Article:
Culture of Documentation

Kyle Kirkland
As a manager, there are three things that you don't do enough. You don't call your parents enough. You don't drink enough water. And you don't document employee issues to the extent you should. You probably don't brush your teeth the recommended two minutes either, but for sure your mom thinks you owe her a call, 75% of Americans are chronically dehydrated and there's no chance you're documenting employee issues to the satisfaction of your HR department. Why is that?
As for your mom and hydration, we all have our excuses, but with respect to HR documentation, several factors are holding you back. First, no one trained you on documentation—it wasn't part of any post-secondary training in HR, nor was it in your management training program. Second, you don't have access to the tools to document employee issues easily and accurately. There are some tools you could use—word processing software, text, photo, etc.—but when you're on the floor dealing with production or customers, those aren't convenient. Finally, your organization doesn't have a culture of documentation in which managers reinforce others' documentation. But are these assumptions true?
First, if you're using social media, you're better at documentation than you think. Post on Facebook, Instagram, Pinterest, Twitter, etc.—you're documenting incidents or issues of your life and you've gotten better at it over time. Second, there are low cost tools available like JobStats documentation software which allows managers like you to document employment issues real-time from any common device—phone, tablet, workstation, etc. Finally, you think nothing of checking in to a favorite restaurant on Facebook, posting pics and having your comments reinforced with feedback from your friends. That culture of documentation is closer than you think.
In short, you don't document enough, but the discipline and culture of documentation is closer than you think. If you can review your favorite restaurant, post about a trip with friends or text with co-workers, you're fully capable of using JobStats software to document workplace issues to the satisfaction of your HR department. Now grab a glass of water and call your Mom. No more excuses!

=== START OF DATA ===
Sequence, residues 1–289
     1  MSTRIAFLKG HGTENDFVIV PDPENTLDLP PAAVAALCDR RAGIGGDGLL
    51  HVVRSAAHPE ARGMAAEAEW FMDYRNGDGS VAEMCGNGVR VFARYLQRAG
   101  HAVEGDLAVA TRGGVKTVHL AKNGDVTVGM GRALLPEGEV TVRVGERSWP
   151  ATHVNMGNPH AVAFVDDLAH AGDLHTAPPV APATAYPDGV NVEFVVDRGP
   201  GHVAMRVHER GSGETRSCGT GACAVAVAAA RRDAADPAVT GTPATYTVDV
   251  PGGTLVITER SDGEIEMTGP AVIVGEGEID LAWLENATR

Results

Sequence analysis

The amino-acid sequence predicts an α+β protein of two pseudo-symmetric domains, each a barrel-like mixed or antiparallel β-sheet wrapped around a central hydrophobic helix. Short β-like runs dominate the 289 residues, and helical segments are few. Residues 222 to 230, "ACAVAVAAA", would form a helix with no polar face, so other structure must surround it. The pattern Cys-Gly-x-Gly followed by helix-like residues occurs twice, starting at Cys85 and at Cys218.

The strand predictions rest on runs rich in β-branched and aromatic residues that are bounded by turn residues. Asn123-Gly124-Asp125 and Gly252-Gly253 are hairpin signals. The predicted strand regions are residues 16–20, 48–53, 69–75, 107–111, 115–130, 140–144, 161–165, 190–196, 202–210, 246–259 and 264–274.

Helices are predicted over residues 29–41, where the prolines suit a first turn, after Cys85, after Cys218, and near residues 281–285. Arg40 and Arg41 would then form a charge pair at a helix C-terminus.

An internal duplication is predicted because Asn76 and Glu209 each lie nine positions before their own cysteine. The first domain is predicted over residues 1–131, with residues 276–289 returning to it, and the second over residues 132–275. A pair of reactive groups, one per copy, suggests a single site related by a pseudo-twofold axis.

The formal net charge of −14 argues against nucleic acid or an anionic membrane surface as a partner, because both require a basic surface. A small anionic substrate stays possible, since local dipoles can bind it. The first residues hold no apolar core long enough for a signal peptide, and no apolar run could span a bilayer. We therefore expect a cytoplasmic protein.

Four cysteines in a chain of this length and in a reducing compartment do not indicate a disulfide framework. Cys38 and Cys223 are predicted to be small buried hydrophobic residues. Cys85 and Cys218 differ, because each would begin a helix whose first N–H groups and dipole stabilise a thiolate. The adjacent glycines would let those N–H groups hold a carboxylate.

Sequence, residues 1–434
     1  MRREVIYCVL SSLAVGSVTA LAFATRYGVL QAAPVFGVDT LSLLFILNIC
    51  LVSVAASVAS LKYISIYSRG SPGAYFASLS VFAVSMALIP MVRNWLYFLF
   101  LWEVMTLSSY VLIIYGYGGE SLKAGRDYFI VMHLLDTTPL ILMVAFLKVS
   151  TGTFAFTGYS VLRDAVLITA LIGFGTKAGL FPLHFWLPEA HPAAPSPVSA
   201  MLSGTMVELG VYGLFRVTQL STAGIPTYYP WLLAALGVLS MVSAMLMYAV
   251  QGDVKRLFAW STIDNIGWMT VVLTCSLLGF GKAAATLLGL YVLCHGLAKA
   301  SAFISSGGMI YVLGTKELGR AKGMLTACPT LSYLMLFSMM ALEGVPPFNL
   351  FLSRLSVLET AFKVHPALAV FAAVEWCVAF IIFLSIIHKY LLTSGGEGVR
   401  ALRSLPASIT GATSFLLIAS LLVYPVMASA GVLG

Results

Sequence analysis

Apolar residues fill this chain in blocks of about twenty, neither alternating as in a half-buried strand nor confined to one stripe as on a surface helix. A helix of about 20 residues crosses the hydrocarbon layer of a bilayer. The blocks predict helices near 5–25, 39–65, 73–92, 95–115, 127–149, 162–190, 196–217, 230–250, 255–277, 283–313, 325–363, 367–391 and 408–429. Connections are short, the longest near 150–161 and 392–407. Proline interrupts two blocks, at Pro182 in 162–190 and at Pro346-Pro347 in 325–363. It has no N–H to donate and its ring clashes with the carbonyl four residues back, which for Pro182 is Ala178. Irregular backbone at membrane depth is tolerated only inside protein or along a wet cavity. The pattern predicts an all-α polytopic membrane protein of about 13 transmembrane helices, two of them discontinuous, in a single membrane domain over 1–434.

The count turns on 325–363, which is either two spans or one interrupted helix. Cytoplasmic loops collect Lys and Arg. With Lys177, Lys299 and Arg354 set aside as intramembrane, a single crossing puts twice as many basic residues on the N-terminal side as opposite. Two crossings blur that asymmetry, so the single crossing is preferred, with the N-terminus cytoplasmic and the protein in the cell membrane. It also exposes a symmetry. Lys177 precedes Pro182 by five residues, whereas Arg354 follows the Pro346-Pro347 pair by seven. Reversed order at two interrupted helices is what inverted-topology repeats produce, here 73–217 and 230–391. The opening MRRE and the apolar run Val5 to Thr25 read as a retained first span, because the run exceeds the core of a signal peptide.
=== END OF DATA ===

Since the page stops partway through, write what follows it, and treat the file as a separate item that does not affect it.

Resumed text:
JobStats HR documentation software allows managers to document incidents, meetings, meetings, training and certification requirements, time and attendance issues, counseling sessions and all sorts of other workplace issues. Document more, stress less and management with confidence.

About the author

Kyle Kirkland is President of Brick HR, Inc., the developer of JobStats documentation software. As owner, President and General Manager of Club One Casino in Fresno, California, Mr. Kirkland has extensive experience managing employees in gaming, food and beverage, facilities, security, administration and managerial positions. He has direct experience in dealing with the challenges California employers face and how to mitigate the related risk. Mr. Kirkland is also the president of the California Gaming Association, a non-profit trade association which represents California cardrooms.

Prior to joining the gaming industry, Mr. Kirkland served as the chairman of Steinway Musical Instruments, the world-renowned musical instrument manufacturer, a position he held for 17 years. Earlier in his career, Mr. Kirkland worked at Bain & Company, an international management consulting firm and Drexel Burnham Lambert, an investment bank specializing in high yield securities. Mr. Kirkland has served on the boards of several public and private companies and non-profit organizations.

Mr. Kirkland holds an A.B. degree from Harvard College magna cum laude in Economics and an MBA degree from the Graduate School of Business at Stanford University.

He can be reached at


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